The Greek Games went on for centuries and over the centuries the athletes and coaches conceived of a radical idea: create systems that improve performance. Athletic advances improved the fitness level of the fearsome Grecian military, both army and navy. The famed Athenian Trireme battleship was the Cigarette boat of the era, (circa 450-500 BC.) the classical Trireme utilized 180 rowers, stacked atop one another on three levels. These low-slung ships set speed, endurance and distance records that stand to this day.
A Trireme had a razor-sharp battering ram tipped with copper and designed to be punched through the side of an enemy ship. After ramming an enemy, 180 rowers would throw it into reverse and row backwards from the now-sinking enemy ship. The upside on a Trireme? Every rower got a proportional cut of any spoils, won or taken. This was quite lucrative when Greece was at its naval peak. It was a high-status occupation to be a rower.
The Greek Trireme drill sergeants acclimatized new recruits to the rigors of rowing using primal periodization. Grecian rowing crews, 180 strong, took row technique to a new level. The coaches broke the Trireme row stroke down into three distinct segments…
- the catch, the rower enters his oar into the water at a precise angle
- the drive, the rower, oar now in the water, powers forward, using the entire body
- the finish, the rower completes a full range of motion stroke, no quitting at the end
The catch was a subtle technique that was mastered over time. A wide paddle was sat at the end of a long oar. Entering the water efficiently and precisely is much harder than it sounds. The drive phase required an arm pull coordinated with a strong leg drive. The third and final phase of the row technique was the finish. The Greek’s felt that a full and complete finish was hallmarked by a full body extension. A complete finish was needed on every oar stroke.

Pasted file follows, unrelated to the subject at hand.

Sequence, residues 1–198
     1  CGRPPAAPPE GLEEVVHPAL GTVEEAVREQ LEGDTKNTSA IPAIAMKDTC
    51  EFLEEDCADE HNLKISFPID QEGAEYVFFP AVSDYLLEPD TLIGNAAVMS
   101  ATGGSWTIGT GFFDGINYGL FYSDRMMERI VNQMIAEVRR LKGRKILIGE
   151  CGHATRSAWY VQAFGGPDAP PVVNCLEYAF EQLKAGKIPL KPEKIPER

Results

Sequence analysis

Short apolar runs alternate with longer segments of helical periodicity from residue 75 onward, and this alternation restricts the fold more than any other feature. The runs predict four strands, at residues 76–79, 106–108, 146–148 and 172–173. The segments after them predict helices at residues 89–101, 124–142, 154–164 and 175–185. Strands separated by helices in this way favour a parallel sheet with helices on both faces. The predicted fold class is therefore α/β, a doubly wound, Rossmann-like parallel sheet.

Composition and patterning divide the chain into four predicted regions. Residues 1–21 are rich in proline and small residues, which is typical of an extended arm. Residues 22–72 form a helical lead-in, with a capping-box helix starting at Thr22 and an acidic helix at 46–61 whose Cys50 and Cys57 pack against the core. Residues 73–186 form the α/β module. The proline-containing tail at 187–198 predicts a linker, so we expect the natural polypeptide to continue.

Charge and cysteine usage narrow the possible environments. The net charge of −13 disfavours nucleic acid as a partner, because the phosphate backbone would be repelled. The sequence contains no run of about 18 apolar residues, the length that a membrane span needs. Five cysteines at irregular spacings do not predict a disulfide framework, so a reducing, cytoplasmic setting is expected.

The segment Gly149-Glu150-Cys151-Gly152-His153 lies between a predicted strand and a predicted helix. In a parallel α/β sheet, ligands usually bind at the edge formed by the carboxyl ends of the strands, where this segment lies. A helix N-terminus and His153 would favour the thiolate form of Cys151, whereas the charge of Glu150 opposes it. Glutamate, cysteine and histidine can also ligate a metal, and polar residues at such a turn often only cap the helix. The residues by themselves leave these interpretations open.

In addition to all this, the rower had to show he could row in time and work harmoniously with the current crew. To win one of the 180 seats on a Trireme was to escape life as a goat herder or common laborer. Winning a seat was a competitive undertaking: tryouts were held. Once a man made the cut, he was gradually incorporated.
Above all else, a ship needed to maintain pace. A certain fleet-wide minimum was expected and needed to be adhered to; when a rookie withered, he was yanked out of the lineup. Over time, the rookie rower became able to maintain the pace. This was periodization in its infancy. The Greek Olympiad athletes and the Trireme rowers were pioneer periodization practitioners.
Ori Hofmeckler maintains these ancient rowers achieved a level of strength-endurance that modern athletes cannot equal. Hofmekler’s contention is that the type of sustained athletic activity, extreme muscular exertion maintained for extended periods and done consistently, reconfigures muscle tissue. Morphing muscles: no longer slow-twitch or fast-twitch, rather a new “muscle hybrid” fiber that has both the power for high-level strength outputs and the ability to sustain hard and heavy work for extended periods.
About the Author
As an athlete Marty Gallagher is a national and world champion in Olympic lifting and powerlifting. He was a world champion team coach in 1991 and coached Black's Gym to five national team titles. He's also coached some of the strongest men on the planet including Kirk Karwoski when he completed his world record 1,003 lb. squat. Today he teaches the US Secret Service and Tier 1 Spec Ops on how to maximize their strength in minimal time. As a writer since 1978 he’s written for Powerlifting USA, Milo, Flex Magazine, Muscle & Fitness, Prime Fitness, Washington Post, Dragon Door and now IRON COMPANY. He’s also the author of numerous books including Purposeful Primitive, Strong Medicine, Ed Coan’s book “Coan, The Man, the Myth, the Method" and numerous others. Read the Marty Gallagher biography here.